Regularly drinking tea can be beneficial for your health, since tea may lower your risk for clogged arteries, heart attacks, kidney stones, Parkinson's disease, high cholesterol and certain types of cancer. However, tea can also reduce the amount of iron you absorb if you drink it with meals.
Iron deficiency is one of the most common nutrient deficiencies in the world. If you don't get enough iron, your body can't make enough red blood cells to carry oxygen around your body, so you feel tired and you get sick more often since your immune system doesn't work as efficiently. Iron is also involved in creating new cells in your body.
Tea's Effect on Iron Absorption
Tea has more of an effect on your iron levels if you have iron deficiency anemia. Drinking a cup of tea with a meal decreased iron absorption by 49 percent in people with normal iron levels and by 59 percent in people with low iron levels, and drinking 2 cups of tea decreased iron absorption by 66 or 67 percent, depending on iron status, according to a study published in the "American Journal of Clinical Nutrition" in April 2008.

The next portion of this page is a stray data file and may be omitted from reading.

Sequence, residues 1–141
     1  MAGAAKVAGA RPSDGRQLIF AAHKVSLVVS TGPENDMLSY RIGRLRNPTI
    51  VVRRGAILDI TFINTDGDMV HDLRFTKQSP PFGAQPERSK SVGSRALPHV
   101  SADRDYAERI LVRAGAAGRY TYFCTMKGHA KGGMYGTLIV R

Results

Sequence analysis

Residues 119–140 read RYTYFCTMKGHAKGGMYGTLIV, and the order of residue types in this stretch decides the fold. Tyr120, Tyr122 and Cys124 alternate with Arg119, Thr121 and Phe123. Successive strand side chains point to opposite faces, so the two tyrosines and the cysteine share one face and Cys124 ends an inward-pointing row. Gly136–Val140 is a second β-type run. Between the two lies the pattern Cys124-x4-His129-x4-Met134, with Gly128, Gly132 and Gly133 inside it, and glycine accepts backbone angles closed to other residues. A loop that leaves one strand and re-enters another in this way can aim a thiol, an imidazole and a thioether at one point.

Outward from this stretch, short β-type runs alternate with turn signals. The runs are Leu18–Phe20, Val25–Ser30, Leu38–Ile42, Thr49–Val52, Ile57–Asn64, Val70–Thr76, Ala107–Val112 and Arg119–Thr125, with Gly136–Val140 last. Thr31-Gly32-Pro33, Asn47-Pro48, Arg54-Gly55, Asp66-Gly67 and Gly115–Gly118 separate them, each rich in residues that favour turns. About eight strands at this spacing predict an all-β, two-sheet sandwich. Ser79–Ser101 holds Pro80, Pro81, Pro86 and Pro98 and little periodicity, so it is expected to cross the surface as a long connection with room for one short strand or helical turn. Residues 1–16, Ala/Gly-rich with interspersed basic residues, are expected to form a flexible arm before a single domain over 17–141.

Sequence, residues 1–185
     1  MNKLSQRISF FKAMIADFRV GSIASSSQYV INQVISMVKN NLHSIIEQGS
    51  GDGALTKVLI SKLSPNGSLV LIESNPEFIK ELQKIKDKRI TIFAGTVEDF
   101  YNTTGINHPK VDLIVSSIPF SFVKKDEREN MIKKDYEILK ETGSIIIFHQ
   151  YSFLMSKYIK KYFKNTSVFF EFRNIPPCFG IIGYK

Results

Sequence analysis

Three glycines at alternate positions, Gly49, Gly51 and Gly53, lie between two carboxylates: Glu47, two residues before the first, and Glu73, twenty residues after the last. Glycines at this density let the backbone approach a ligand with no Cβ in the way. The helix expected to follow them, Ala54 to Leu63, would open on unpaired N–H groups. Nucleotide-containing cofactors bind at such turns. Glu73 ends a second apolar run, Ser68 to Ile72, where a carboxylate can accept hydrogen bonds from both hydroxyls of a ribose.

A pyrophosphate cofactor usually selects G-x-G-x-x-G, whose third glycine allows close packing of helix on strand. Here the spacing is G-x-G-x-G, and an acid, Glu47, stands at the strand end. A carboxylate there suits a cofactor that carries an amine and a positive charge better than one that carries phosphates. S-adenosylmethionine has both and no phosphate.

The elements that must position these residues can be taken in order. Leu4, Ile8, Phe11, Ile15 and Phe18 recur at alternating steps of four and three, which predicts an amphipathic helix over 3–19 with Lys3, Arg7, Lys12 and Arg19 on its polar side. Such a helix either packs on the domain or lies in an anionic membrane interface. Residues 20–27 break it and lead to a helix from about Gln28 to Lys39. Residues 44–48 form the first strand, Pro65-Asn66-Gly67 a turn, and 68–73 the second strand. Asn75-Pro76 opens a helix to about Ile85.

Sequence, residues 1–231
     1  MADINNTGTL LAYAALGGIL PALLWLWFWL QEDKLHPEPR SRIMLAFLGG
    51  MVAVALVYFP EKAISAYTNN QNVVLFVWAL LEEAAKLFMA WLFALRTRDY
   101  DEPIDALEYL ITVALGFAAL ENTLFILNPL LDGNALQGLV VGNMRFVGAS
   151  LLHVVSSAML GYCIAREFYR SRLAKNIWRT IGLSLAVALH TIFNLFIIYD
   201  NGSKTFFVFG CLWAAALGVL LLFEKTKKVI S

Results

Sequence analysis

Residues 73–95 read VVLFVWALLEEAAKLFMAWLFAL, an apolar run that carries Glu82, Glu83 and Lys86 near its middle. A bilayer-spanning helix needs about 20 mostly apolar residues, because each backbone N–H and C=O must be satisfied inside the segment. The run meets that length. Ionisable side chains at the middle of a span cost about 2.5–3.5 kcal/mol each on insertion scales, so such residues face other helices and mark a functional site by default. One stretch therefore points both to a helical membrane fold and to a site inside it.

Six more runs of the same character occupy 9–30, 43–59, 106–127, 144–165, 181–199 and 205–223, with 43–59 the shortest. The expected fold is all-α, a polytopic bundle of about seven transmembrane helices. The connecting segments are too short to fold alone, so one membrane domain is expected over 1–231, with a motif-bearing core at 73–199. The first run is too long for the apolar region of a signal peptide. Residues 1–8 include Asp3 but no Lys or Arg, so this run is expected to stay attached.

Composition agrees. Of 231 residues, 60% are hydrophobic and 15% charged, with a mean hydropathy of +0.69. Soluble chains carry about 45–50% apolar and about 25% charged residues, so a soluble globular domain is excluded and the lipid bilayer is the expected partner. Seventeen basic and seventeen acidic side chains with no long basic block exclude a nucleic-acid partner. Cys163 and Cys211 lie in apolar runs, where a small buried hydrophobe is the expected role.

Limiting the Effect
If your iron levels are low, don't drink tea within an hour or two of meals, and eat foods that contain vitamin C along with foods that contain iron, since vitamin C increases iron absorption. Animal-based sources of iron, or heme iron, are much better absorbed than non-heme iron from plants, and eating at least a small amount of fish, meat or poultry along with plant-based iron sources will help increase your overall iron absorption.
If your iron levels are normal, it isn't likely to cause problems if you drink tea with your meals since you are getting plenty of iron from your diet. However, if your iron levels are low, pay attention to what you are eating along with plant foods that contain iron, especially if you are a vegetarian. Only 2 to 20 percent of iron from plant foods is absorbed by your body, while up to 35 percent of the iron from animal sources is absorbed since the absorption of iron from these foods isn't really affected by diet, according to the Office of Dietary Supplements. (See References 1,2,3,6)
Based in Massachusetts, Jessica Bruso has been writing since 2008. She holds a master of science degree in food policy and applied nutrition and a bachelor of arts degree in international relations, both from Tufts University.